|Peruvian Paso 6 yrs old
Question: This is a conformation question. I noticed there was already one similar, but I need to rephrase and understand better. I just bought a Peruvian Paso mare. She has been used strictly as a broodmare so far, but after she foals out her andalusian cross foal, I had planned on training her to ride (just for light trail work).
When she came off the trailer here, I noticed that she was somewhat
dropped in the pasterns. Not as much as the other post indicated,
but dropped so that her pasterns are at
I don't have a lot of experience with gaited horses. Since that
time, I've seen several breeds of gaited horses all having some sort of
lower pastern (what I would call
Do gaited horses, in general, have a lower, dropped pastern, or is this a particularly common fault in gaited horses, or am I just running into some type of fluke where the gaited horses I'm seeing all happen to have this conformational flaw?
From Panelist Annete
Ok. Let's sort this out. Your mare has pasterns that are lower than other horses, probably trotting breeds, that you've seen, but then you notice that other gaited horses have lower angled pasterns in general than trotting horses, so you begin to think perhaps it is normal, but then someone says this is a flaw so now you're going ARGH!
You are right that gaited horses in general have lower more flexible
pasterns than trotting horses. This is as it should be because the angle
of the pastern should follow the average of the angles of the shoulder
and the elbow, or to put it more simply, usually the angle of the pastern
should be about 2 degrees below the angle of the shoulder (which then is
So, at what point does the low angle of the pastern become a flaw? Answer: When the low pasterns are detrimental to the horse's short and/or long term usefulness. Where is this seen most often? Answer: In Peruvian Pasos. What correlates with too low, too long over flexible pasterns? Answer: DSLD. Do pasterns that are low and long to the point of excess contribute to DSLD? Answer: Maybe, or perhaps they are a symptom of incipient DSLD. At this point, no one is sure. All that is known at this time is that there is a correlation between the very long pastern conformation and DSLD. What the heck is DSLD? Answer: Go to the following web sites:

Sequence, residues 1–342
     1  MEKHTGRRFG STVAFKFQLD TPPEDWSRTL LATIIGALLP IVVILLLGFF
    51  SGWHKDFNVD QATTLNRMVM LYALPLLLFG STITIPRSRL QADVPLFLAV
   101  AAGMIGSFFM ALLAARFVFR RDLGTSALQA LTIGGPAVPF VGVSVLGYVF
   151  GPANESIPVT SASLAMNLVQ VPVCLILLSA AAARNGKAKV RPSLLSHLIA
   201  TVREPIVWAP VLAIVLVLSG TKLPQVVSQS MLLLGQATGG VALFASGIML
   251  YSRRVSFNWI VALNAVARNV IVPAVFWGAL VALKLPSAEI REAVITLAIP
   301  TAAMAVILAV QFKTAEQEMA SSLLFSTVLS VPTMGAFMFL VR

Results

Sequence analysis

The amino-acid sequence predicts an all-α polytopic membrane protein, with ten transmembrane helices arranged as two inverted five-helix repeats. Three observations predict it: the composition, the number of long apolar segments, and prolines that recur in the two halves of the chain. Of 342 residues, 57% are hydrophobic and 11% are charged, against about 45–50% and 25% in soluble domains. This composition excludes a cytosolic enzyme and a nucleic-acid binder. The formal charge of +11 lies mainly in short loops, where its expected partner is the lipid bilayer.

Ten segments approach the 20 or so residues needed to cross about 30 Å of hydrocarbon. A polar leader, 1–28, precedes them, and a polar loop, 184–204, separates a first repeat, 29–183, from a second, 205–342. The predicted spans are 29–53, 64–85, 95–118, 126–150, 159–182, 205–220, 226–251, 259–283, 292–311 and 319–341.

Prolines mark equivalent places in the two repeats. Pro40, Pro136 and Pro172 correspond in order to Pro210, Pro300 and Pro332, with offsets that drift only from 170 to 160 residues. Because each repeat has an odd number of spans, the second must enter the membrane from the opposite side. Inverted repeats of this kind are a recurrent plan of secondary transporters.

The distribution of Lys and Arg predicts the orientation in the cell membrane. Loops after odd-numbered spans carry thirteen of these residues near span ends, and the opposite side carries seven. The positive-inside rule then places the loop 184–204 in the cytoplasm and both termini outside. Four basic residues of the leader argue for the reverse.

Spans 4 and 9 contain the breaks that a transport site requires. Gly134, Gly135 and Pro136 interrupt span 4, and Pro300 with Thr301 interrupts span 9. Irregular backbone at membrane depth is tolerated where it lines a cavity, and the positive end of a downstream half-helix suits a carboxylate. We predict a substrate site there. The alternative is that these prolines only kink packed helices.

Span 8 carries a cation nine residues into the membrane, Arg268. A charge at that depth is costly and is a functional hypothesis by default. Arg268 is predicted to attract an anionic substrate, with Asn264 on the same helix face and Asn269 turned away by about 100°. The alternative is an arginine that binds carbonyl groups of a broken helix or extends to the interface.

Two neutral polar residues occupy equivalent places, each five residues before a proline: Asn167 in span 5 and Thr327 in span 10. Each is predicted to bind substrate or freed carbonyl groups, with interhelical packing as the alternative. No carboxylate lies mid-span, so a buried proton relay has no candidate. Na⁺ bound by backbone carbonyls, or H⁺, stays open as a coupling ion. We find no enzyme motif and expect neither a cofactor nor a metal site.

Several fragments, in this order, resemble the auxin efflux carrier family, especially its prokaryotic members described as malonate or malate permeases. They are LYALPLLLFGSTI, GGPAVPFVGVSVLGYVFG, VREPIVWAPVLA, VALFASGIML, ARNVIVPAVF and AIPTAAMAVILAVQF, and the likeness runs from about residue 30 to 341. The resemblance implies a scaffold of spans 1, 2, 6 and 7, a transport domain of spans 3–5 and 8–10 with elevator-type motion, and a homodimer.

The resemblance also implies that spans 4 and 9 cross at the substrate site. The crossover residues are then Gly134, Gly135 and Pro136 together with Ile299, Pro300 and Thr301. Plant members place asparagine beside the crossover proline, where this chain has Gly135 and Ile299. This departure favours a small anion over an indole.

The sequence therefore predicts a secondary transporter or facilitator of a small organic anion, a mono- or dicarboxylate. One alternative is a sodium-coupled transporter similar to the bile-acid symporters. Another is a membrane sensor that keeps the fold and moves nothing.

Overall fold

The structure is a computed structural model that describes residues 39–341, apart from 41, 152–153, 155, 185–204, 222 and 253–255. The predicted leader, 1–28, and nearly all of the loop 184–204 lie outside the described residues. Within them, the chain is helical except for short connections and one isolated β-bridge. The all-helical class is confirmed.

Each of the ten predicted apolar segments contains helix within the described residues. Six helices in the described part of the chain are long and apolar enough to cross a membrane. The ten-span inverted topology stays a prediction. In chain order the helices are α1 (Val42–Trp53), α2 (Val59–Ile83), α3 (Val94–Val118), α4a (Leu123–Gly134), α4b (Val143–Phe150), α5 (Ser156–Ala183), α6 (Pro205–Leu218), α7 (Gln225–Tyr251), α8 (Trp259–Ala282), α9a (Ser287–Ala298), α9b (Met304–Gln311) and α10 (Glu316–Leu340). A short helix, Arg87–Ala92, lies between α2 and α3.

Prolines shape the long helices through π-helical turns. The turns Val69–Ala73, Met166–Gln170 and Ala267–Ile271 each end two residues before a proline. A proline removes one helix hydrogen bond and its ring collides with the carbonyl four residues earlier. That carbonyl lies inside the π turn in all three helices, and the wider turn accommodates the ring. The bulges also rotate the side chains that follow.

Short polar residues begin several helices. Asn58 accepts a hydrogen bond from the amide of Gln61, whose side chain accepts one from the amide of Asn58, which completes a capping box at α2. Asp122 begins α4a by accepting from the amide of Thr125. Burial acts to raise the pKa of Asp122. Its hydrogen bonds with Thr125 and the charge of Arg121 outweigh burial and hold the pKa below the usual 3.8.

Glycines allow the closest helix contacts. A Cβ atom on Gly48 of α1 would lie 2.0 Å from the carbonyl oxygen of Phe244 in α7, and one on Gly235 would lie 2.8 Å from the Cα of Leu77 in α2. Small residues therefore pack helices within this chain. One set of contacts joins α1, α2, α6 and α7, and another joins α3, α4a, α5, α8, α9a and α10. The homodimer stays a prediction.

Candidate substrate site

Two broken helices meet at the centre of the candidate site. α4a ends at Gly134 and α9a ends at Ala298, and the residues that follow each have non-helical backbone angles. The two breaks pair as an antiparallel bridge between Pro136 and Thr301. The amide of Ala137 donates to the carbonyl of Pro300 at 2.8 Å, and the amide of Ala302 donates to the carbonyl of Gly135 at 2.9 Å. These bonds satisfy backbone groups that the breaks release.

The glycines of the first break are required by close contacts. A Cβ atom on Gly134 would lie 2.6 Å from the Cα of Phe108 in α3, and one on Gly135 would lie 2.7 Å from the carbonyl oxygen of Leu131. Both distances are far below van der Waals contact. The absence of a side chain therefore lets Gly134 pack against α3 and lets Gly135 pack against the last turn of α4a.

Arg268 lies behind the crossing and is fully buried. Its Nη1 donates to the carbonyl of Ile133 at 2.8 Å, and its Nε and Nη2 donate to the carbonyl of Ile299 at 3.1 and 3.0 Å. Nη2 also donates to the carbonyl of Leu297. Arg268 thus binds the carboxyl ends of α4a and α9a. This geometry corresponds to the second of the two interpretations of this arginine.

Follow the links on those pages to very detailed information. There is an article "Mechanical Observation of the Peruvian Horse" by Ed Houston that is an outstanding discussion of the critical conformational flaw that is a sure fire diagnosis of impending DSLD in a horse, being that the point of the hip is located forward of the rear lumbar joint (the lumbosacral joint). That article should be required reading for all gaited horse owners, and certainly for all Peruvian Paso owners, or wannabes.
I realize this is not a "bright line" answer to your question about your specific horse, but I hope it provides you with some direction in which to take your research to answer your question as to your particular mare.
Thank you for your consideration of my thoughts.
Annette L. Gerhardt
From Panelist Liz
No it is not normal or considered correct conformation for any breed to have long or dropped pasterns. It can be seen in every breed but is not an acceptable trait.
IMO I am seeing it on more Peruvians than in the other breeds. This is not correct for the breed and I think it has come into the breed due to some poor choices is breeding practices.
It is something to be careful of and I recommend using support boots on a horse when riding and know the limitations of stress on a horse with this problem. I would consult a good vet as to how much work and stress your horse situations is limited to.
From Panelist Lee
No, gaited horses in general do not have lower, dropped pasterns. It is not a particularly common fault in most gaited breeds, but it is more common among Peruvians than among others. Some gaited horses are trimmed and shod with low heels, long toes, which may make their pasterns appear somewhat lower than other non-gaited horses. Gaited horses in general should have the same sort of conformation as it relates to soundness as non- gaited breeds. You may indeed be witnessing some atypical horses.
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